2. Sometimes we don't have the time to plan the dinner. A simple way of combining simplicity and vegetarianism is to replace the meat part with something meat-free. A suggestion is to write a list of your favorite meals. Let's say you love spaghetti and tacos. You can still make them, but you need to replace the mince meat ;-) Make meatless versions of what you already love!

    Nowadays there's a pretty good market for meat substitutions for both vegetarians and vegans.

    Products from Quorn including mince "meat" and "chicken" pieces, that are made from mycoprotein (protein from fungi). Products from Anamma made from soy protein. The "chicken strips" and burgers from Beyond Meat that according to them are made from non-GMO soy and pea protein. Fry's Vegetarian offers a good variety of meat substitutions made from vegetable protein, including soy.

  3. One of the most exciting things about vegetarianism is new recipes! :-)

    A recipe site I personally use and recommend is Vegetarian Times. Scandinvian readers will find healthy and quick vegetarian recipes at Veganmisjonen and Vegetarbloggen. You can find so many delicious Christmas vegetarian recipes at Jamie Oliver's website.
Border shopping in Sweden: Meat replacements and organic food products
Border shopping in Sweden: Meat replacements and organic food products

See how it goes with the new diet. If you suspect nutritional deficiencies, a visit to the doctor's is not a bad idea. If the test shows that you lack iron or any other minerals or maybe vitamins, your doctor may recommend certain food products which you should add to your vegetarian diet.

I know vegans with a varied diet who took their tests, and they were perfectly 'healthy'. I took a test earlier this year, and to my surprise I had iron deficiency. Quite harmless though, and all I did was to increase the intake of iron :-)

3. Craving for meat?

It's perfectly normal to crave for meat once in a while. It's like quitting smoking - now and then you're going to feel the urge to relapse.

But before you cave in, try to remind yourself why you're not eating meat anymore.

Why are you doing it? Animal welfare? Watching documentaries about animal welfare may help the craving (try Cowspiracy - available on Netflix). Whenever I feel the craving (especially when my mom cooks the infamous adobo with chicken), I think about the animal. What it had to go through, and is it worth eating it?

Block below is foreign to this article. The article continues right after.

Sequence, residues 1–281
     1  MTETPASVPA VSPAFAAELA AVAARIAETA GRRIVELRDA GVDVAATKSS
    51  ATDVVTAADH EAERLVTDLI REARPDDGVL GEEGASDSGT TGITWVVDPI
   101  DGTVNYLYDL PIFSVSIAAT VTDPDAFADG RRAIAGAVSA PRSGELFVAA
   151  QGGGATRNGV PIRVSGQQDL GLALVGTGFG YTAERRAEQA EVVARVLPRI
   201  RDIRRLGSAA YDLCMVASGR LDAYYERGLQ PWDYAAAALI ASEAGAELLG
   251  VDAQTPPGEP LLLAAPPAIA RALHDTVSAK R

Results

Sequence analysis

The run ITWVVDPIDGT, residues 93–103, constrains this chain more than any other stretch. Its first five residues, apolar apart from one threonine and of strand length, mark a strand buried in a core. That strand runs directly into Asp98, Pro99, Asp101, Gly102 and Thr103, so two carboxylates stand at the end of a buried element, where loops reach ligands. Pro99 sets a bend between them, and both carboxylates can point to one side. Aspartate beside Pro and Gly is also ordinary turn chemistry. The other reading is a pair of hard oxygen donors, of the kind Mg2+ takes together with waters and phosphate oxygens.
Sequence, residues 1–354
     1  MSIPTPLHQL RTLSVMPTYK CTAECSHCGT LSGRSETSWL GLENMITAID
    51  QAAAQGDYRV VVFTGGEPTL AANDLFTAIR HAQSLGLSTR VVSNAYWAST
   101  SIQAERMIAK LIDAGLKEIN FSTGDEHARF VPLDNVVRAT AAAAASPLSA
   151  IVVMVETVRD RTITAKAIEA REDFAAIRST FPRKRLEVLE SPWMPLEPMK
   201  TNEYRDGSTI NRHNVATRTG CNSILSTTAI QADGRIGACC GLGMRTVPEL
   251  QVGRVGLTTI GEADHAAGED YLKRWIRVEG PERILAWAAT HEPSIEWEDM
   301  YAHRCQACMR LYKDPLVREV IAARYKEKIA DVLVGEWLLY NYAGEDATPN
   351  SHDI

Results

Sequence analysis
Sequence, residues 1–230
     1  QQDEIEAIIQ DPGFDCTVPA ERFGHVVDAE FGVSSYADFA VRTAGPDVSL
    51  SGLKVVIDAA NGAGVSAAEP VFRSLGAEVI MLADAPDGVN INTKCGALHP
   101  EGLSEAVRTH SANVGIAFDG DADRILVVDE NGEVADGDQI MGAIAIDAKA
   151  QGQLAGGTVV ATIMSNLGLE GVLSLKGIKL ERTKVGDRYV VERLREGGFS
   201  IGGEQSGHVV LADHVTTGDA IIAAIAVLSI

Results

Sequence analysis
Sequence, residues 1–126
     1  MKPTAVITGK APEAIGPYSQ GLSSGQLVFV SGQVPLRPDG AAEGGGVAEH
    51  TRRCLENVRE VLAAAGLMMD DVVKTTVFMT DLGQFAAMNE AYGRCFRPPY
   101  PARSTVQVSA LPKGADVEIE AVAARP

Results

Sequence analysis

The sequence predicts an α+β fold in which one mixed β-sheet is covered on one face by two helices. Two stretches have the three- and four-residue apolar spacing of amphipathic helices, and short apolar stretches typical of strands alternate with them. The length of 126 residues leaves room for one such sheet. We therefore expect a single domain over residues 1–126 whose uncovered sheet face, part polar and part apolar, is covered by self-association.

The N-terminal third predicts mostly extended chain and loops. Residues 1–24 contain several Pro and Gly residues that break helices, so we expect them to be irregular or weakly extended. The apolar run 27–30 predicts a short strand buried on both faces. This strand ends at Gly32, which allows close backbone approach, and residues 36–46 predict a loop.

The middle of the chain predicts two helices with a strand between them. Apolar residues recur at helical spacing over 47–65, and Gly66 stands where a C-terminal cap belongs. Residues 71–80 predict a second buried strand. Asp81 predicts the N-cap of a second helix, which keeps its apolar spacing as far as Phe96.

The article continues below the picture.
The road to becoming vegetarian
The road to becoming vegetarian

An unorthodox way of staying away from meat for good, is to actually try to eat meat. Don't shoot me just yet ;-)

From what I've heard from fellow vegetarians and from personal experience, "relapsing" can be good. But there's also a risk.

You may not like the taste of meat anymore, which may prevent future cravings. Or you may start including meat again in your diet. If the last part is the result, you probably weren't that motivated to vegetarianism to begin with.

The first Christmas after I had gone vegetarian I decided to eat the famous Norwegian Christmas dish "pinnekjøtt" (lamb). I loved pinnekjøtt when I was a non-vegetarian.

But somehow, the meat didn't taste the same. I had a hard time swallowing the meat pieces. It was like my taste buds had forgotten the taste of flesh. And my body rejected the meat (hard to swallow and retching).

This year will actually be my first Christmas without any meat on the plate :-)

Interesting articles about vegetarianism and the vegetarian lifestyle: 

The Guardian: The best countries in the world for vegetarians.

Time: 7 reasons vegetarians live longer.

Vegetarian Times: Why go veg?

BBC News: The rise of the part-time vegans.

NPR: Does being vegan really help animals?

Continue to read:
An environmentalist choosing between the lesser of two evils.

When your friends eat meat and you don't.